Assessing the Presence, Extractability, and Function of Core Histones in the Perinuclear Theca of Murid Spermatozoa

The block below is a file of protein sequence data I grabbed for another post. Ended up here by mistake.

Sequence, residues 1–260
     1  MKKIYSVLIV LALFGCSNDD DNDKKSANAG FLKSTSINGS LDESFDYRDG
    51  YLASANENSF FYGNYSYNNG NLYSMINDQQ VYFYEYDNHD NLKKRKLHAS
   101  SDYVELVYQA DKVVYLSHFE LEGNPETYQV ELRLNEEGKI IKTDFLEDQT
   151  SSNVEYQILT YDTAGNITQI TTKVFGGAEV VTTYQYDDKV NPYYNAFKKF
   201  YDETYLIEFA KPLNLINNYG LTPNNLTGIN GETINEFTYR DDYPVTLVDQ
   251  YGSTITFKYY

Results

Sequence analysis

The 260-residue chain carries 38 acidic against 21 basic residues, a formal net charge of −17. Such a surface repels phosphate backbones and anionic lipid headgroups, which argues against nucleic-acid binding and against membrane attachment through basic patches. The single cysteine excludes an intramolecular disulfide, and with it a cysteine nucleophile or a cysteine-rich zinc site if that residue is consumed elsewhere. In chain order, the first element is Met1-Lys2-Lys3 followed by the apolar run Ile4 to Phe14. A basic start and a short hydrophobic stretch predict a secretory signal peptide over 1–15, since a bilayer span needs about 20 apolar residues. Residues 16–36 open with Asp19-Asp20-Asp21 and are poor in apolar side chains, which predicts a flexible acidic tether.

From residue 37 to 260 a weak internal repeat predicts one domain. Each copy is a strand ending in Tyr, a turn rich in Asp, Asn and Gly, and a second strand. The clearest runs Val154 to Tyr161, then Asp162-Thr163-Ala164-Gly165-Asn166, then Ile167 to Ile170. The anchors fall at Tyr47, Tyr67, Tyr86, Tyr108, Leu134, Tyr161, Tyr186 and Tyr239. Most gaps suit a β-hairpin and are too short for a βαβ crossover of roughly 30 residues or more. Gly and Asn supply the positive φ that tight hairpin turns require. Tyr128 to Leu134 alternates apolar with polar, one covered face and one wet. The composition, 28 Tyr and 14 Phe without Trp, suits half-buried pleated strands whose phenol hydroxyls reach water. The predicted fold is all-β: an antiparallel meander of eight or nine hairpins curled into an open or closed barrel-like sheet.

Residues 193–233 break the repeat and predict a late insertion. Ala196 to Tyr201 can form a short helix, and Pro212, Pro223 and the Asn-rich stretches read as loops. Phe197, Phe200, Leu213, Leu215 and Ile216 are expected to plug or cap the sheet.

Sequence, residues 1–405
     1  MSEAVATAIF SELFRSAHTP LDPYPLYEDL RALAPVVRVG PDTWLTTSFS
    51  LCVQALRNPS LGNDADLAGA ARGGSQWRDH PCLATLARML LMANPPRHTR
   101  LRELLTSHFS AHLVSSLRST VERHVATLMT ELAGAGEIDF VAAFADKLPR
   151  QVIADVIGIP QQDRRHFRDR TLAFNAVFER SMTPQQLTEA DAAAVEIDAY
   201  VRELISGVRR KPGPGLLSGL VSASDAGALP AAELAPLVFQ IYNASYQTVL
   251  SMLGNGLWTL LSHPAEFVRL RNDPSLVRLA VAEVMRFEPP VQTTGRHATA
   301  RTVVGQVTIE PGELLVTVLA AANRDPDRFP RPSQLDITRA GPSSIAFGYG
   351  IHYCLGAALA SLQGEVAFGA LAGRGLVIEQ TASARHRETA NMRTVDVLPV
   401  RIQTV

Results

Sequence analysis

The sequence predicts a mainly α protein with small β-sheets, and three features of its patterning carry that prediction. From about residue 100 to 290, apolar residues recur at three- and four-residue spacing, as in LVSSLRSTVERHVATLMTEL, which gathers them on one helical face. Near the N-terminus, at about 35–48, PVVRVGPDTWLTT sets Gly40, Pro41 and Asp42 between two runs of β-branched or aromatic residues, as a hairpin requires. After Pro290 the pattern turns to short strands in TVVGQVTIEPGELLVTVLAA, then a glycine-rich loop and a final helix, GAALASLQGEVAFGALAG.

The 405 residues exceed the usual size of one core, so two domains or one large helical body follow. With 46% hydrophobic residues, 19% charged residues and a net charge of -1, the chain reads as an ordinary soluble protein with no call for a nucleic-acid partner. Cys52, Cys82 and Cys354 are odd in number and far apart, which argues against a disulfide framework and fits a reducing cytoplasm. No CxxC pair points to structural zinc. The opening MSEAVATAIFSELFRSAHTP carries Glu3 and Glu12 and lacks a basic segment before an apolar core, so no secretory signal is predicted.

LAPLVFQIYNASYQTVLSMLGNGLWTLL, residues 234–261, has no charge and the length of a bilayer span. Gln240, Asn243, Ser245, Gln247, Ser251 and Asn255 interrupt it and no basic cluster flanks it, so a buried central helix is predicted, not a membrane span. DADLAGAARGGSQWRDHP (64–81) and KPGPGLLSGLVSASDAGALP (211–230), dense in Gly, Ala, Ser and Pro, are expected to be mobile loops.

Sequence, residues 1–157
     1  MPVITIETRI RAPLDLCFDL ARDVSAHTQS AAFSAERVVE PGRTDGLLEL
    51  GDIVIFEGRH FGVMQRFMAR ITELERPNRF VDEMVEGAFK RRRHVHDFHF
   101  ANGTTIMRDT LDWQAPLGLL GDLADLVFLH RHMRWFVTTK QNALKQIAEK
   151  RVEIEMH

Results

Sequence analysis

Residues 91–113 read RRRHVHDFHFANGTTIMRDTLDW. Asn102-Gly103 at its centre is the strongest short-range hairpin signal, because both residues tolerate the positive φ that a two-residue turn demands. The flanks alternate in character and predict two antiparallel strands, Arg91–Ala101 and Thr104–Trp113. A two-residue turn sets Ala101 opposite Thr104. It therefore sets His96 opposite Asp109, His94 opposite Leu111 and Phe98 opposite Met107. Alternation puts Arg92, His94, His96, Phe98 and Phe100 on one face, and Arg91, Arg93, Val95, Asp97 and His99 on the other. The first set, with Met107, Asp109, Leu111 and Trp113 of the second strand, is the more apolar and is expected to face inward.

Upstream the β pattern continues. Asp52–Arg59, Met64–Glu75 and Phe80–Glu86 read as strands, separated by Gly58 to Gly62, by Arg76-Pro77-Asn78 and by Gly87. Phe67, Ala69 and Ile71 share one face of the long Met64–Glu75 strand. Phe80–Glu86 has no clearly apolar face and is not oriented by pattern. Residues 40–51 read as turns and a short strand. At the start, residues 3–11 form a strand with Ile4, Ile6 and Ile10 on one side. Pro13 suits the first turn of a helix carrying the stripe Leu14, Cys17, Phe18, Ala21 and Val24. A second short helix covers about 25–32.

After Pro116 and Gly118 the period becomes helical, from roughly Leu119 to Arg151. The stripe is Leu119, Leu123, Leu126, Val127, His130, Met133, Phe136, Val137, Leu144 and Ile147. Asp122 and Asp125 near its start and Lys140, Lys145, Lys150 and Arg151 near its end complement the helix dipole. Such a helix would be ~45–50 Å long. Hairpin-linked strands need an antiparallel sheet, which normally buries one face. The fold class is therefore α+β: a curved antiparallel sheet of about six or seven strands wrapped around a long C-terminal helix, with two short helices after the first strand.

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The perinuclear theca (PT) is a condensed cytosolic capsule that surrounds the eutherian sperm nucleus and contains various proteins involved in fertilization. Previously, proteomic analysis of the bovine PT revealed a novel population of four core histones residing in this distinctly non-nuclear location, despite the traditional role of histones in nuclear DNA stabilization. Utilizing immunocytochemistry, histones were localized to two sub-compartments of the murid PT, the post-acrosomal sheath and the murid-specific perforatorium. This finding created the framework to pursue our primary objective: to determine the role of PT core histones in fertilization and early embryogenesis. Specifically, given their inherent ability to bind DNA, we hypothesized that PT-associated histones stabilize sperm chromatin during male pronuclear formation in the developing zygote. To investigate this, we assessed the consequences of performing intracytoplasmic sperm injection (ICSI) with histone-depleted (HD) sperm. The mouse model is ideal for such functional assays because only the sperm nucleus and PT are required to achieve fertilization via ICSI. To create a valid depletion model, histones were selectively extracted from the mouse PT under high salt conditions paired with mild sonication. SDS-PAGE analysis of KCl-treated murid sperm extracts revealed four low molecular weight bands which, by immunoblotting with anti-core histone antibodies, corresponded to calf thymus core histones (H3, H2B, H2A, H4) run in adjacent lanes. Conversely, PT-bound activating factor, PAWP, remained largely intact following high salt extraction, indicating selectivity of the protocol. ICSI functional assays compared developmental patterns of mouse embryos fertilized with control or HD sperm. Using light microscopy, HD oocytes were found to initiate activation at the same rate as control groups but displayed significantly fewer 2-cell embryos and blastocysts at the appropriate developmental timepoints. This suggests that early embryonic development is delayed in the absence of PT-derived core histones, presumably as compensation for destabilization of the male chromatin following fertilization. While their direct influence on sperm chromatin was unclear by our methods, this thesis presents evidence for the influence of PT core histones on early embryogenesis, and proposes a model of PT histone depletion for future functional analyses.